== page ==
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Generators & Motors General Discussion Antique Generators and Old Electric Motors: Questions and answers about restoring and showing old power generation systems.

Generators & Motors General Discussion

Cracked Exhaust Manifold

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Old 09-10-2007, 08:23:54 PM
hwh888 hwh888 is offline
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Angry Cracked Exhaust Manifold

I discovered the manifold mounting ear at #4 cylinder cracked but still held in place with nut. It appears exhaust gases were passing by gasket at this location. Can these cast iron manifolds be welded? or am I into a new manifold at $100+. Any sources for a used one?
Thanks as always for the help!!
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Old 09-10-2007, 08:57:42 PM
Jim Rankin Jim Rankin is offline
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Default Re: Cracked Exhaust Manifold

A castiron piece can be more easily welded on a corner or edge than across the middle or interior of the part. Probably the most important thing is to bolt the part and the broken off ear down to something heavy and flat after V'ing out the crack. Then weld with a cast repair rod for only short distances at a time and quickly peen the weld to relieve as much of the stresses as possible.

A standard recommendation to repair cast iron by welding is to heat the whole part to above 1200 degrees F before welding, make the weld above that temperature, and then allow the part to cool over many hours.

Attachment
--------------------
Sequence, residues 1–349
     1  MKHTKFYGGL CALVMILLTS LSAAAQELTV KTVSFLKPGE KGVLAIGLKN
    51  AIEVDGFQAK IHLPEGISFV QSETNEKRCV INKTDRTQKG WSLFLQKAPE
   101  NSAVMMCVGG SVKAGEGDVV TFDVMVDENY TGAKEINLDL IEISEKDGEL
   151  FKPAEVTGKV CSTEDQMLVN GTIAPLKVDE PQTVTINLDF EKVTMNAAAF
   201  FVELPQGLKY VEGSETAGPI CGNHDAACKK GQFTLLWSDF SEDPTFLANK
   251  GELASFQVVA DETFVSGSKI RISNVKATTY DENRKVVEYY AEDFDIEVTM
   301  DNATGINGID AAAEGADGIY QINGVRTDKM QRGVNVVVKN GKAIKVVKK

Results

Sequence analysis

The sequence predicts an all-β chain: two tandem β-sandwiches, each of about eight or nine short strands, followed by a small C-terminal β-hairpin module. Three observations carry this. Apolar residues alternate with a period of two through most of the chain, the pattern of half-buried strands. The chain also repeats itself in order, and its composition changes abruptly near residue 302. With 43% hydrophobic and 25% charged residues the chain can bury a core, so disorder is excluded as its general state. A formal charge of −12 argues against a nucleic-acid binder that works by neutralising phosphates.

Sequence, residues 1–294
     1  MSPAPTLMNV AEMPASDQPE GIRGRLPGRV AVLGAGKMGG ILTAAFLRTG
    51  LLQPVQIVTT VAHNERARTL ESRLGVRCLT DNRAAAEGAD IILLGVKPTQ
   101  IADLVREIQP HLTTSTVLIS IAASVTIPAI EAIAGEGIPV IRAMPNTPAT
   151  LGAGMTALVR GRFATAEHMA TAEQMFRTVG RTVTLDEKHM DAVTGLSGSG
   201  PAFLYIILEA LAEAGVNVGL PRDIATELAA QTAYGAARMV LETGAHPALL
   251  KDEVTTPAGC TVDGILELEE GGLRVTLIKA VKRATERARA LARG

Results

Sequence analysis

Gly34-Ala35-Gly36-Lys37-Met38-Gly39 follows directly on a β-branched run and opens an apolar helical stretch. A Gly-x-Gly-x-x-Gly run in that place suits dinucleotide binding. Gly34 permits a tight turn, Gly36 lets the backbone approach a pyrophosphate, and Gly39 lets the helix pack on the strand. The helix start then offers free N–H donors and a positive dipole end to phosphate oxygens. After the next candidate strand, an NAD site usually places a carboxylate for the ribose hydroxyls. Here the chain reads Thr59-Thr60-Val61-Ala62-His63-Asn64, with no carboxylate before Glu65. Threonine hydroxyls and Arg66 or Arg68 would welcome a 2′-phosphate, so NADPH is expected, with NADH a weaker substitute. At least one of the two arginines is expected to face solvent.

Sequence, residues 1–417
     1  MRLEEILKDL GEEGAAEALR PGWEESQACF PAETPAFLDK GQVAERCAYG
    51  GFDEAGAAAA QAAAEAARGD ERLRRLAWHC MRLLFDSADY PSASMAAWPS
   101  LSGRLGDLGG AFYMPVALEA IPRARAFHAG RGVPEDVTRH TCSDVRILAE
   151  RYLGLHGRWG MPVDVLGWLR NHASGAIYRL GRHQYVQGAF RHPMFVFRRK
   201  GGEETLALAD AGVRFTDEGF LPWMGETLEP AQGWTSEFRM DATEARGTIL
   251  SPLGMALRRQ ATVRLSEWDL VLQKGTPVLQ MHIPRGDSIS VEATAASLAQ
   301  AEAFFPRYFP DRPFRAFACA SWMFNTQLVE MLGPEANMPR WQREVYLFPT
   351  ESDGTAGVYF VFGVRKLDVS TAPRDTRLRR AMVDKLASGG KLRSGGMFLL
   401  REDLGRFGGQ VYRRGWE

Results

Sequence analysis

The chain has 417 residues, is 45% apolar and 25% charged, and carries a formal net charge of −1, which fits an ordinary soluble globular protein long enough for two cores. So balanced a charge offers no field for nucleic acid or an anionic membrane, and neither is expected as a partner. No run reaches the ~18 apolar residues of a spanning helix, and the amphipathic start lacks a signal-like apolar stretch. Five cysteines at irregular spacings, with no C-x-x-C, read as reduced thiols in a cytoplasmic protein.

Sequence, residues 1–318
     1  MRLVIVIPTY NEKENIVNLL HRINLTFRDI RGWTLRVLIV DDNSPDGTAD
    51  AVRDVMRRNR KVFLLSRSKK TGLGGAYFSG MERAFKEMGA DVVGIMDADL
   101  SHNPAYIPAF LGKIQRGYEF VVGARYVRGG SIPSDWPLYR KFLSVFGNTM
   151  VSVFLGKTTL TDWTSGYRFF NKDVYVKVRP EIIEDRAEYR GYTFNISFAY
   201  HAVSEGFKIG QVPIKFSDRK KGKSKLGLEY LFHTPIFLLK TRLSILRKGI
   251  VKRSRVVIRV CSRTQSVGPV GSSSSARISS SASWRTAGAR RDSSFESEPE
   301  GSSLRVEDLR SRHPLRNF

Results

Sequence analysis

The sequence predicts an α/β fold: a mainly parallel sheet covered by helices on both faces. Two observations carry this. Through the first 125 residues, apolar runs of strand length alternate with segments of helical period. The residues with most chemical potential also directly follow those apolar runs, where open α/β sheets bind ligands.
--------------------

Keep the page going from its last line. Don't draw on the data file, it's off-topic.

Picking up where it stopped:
For an ear like you have, I doubt this will be necessary, but you may want to allow it to completely cool between welds if you don't get it done with the first bead to minimize cracking.

If the resulting flange isn't completely flat, you may be able to carefully file or more likely grind it flat or even take the manifold to a shop and have it surfaced across the whole face to make sure it seals well. The cast iron next to the weld can be very hard after the welding.

I have welded in missing parts of a Ford diesel exhaust manifold with a small mig welder using standard ER70S-6 solid wire. the repairs were the "female" ends of a multiple piece manifold so they were sort of on the end of the part and had some room for expansion and contraction from the weld and normal heating and cooling cycles. Not pretty, sort of like a drunken mud dauber nest, but it keeps the exhaust in so far.
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